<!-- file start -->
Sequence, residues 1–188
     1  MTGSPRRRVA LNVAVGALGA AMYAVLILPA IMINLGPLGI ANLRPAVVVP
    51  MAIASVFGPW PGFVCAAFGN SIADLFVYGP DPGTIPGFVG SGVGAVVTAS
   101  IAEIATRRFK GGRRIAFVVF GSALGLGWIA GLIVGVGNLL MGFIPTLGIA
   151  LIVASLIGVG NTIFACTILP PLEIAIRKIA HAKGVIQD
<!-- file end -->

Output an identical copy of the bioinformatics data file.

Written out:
Sequence, residues 1–188
     1  MTGSPRRRVA LNVAVGALGA AMYAVLILPA IMINLGPLGI ANLRPAVVVP
    51  MAIASVFGPW PGFVCAAFGN SIADLFVYGP DPGTIPGFVG SGVGAVVTAS
   101  IAEIATRRFK GGRRIAFVVF GSALGLGWIA GLIVGVGNLL MGFIPTLGIA
   151  LIVASLIGVG NTIFACTILP PLEIAIRKIA HAKGVIQD